Russian trolls relying on Trump quotes for disinformation campaigns, saving them from doing it themselves
- Russia's attempts to influence the election are mostly just amplifying President Donald Trump's misleading statements, according to a new report from The New York Times.
- Foreign Policy Research Institute fellow and former FBI special agent Clint Watts told the Times: "The Russians in 2016 had to make false news stories or manipulated truths to power their narratives. This time they’re not writing anything that’s not already said in US space, often by Mr. Trump himself."
- Last week, FBI Director Christopher Wray told Congress that Russia’s campaign was focused on sowing "divisiveness and discord" and hurting Democratic Presidential nominee Joe Biden’s chances at getting elected, The Times reported.
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Russia is once again interfering in the US election, but this time, The New York Times reported, instead of having to make up its propaganda, it is relying on misleading statements made by President Donald Trump in speeches and tweets.
Along with criticizing the US's pandemic response, Russia has mostly been interfering in the US by amplifying Trump's comments about the dangers of mail-in ballots, and spreading lies about Democratic presidential nominee Joe Biden, The Times reported on Tuesday, based on interviews with analysts and a number of officials.
Foreign Policy Research Institute fellow and former FBI agent Clint Watts, who did a disinformation review, told The Times in 2016 Russian trolls had to "make false news stories or manipulated truths to power their narratives. This time they're not writing anything that's not already said in US space, often by Mr. Trump himself."
"They must be flabbergasted and saying, 'We really don't need to work hard this time,'" he said.
Last week, FBI director Christopher Wray told Congress that Russia's campaign was focused on sowing "divisiveness and discord" and hurting Biden's chances at getting elected, The Times reported.
On Tuesday, at a Chamber of Commerce forum, Biden's former national security adviser Antony Blinken said that as a "leading consumer and purveyor of conspiracy theories" Trump "seems to have suited up for the other side."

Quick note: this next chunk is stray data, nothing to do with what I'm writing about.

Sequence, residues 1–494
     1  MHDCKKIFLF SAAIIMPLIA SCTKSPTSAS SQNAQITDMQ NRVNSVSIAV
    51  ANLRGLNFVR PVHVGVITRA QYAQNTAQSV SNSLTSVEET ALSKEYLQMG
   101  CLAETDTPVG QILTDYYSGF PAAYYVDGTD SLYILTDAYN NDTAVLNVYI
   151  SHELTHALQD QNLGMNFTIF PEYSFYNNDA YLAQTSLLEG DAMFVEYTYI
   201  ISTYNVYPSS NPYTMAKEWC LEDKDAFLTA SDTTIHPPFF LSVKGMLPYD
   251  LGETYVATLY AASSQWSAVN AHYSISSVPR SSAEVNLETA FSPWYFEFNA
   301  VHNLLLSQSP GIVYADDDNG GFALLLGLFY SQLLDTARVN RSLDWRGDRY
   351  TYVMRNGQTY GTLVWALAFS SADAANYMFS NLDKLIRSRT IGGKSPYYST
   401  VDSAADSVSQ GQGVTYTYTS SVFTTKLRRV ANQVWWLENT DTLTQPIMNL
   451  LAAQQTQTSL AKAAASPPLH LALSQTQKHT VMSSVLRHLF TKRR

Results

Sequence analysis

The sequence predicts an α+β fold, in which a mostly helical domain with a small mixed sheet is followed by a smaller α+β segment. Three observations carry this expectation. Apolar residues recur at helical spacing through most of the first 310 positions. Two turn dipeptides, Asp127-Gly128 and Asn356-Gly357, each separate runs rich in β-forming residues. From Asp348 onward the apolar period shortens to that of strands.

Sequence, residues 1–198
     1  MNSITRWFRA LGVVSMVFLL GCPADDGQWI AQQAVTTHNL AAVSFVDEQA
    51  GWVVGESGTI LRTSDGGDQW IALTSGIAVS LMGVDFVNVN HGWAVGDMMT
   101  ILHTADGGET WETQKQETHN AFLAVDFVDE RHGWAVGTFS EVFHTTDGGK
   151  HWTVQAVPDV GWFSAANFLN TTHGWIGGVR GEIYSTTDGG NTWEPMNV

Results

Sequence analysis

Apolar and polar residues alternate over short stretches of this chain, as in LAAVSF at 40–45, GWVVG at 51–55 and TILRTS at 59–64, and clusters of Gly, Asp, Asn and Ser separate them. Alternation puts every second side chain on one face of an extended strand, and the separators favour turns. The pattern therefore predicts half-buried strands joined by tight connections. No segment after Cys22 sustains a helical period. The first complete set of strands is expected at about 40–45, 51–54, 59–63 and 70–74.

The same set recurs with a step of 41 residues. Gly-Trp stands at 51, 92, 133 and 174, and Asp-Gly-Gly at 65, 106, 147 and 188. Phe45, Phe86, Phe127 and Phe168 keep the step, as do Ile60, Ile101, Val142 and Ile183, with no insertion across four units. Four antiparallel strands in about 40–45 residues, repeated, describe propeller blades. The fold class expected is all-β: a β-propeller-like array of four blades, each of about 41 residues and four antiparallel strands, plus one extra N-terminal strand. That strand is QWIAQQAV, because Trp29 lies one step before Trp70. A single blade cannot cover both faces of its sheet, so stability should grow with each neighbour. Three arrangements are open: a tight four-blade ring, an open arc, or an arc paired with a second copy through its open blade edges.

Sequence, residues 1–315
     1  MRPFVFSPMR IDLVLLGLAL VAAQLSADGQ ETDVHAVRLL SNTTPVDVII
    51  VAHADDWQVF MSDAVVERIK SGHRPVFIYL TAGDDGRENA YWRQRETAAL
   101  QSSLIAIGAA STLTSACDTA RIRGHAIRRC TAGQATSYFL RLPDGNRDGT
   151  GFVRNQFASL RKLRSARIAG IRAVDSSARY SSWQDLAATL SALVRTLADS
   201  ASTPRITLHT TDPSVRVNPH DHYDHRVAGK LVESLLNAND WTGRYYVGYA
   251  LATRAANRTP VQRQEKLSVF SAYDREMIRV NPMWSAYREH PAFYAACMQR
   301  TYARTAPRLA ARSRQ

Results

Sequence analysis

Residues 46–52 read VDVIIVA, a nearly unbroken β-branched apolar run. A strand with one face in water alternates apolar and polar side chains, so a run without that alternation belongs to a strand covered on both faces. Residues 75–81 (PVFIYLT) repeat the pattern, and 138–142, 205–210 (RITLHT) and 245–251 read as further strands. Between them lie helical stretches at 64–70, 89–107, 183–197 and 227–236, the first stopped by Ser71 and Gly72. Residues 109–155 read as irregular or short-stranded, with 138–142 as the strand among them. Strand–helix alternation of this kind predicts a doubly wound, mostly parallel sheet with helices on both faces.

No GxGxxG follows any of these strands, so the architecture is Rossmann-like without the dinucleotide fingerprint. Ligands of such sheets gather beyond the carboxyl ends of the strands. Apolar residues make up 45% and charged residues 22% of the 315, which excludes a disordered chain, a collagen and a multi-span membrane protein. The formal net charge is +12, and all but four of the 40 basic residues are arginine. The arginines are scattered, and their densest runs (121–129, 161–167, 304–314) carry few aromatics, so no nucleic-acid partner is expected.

For example, in July, Trump claimed that "mail-in voting will lead to 'most corrupt election' in US history," which was picked up in early August by the Strategic Culture Foundation, an online journal the State Department found was run by Russian intelligence.
On the website, it said that Trump's "often wrong when he speaks or tweets spontaneously, but this time he just might be right," The Times reported.
In September, another Russian website called Sputnik repeated comments Trump made on Fox News about Biden taking drugs to help his debate performances.
Sputnik's post was picked up by a right-wing conspiracy website called Infowars and was shared throughout the US without any fear of removal, because it was no longer obviously Russian disinformation.
Russia's efforts to influence US elections have been covered extensively.
In 2017, Russian operatives spent more than $100,000 on Facebook ads, and tens of thousands of dollars on Google ads, to spread misinformation during the 2016 election, The Washington Post reported.
In July 2020, the Associated Press reported Russia had been creating fake news articles about COVID-19 that were critical of the US response, and critical of Biden.
In August, a New York Times Magazine investigation revealed that the Trump administration had pressured then-director of national intelligence Dan Coats, and the Office of the Director of National Intelligence, to delete part of a report concluding that Russia was trying to get Trump reelected in 2020.
When Coats refused he was forced to retire early, and Trump denied the report's accuracy.
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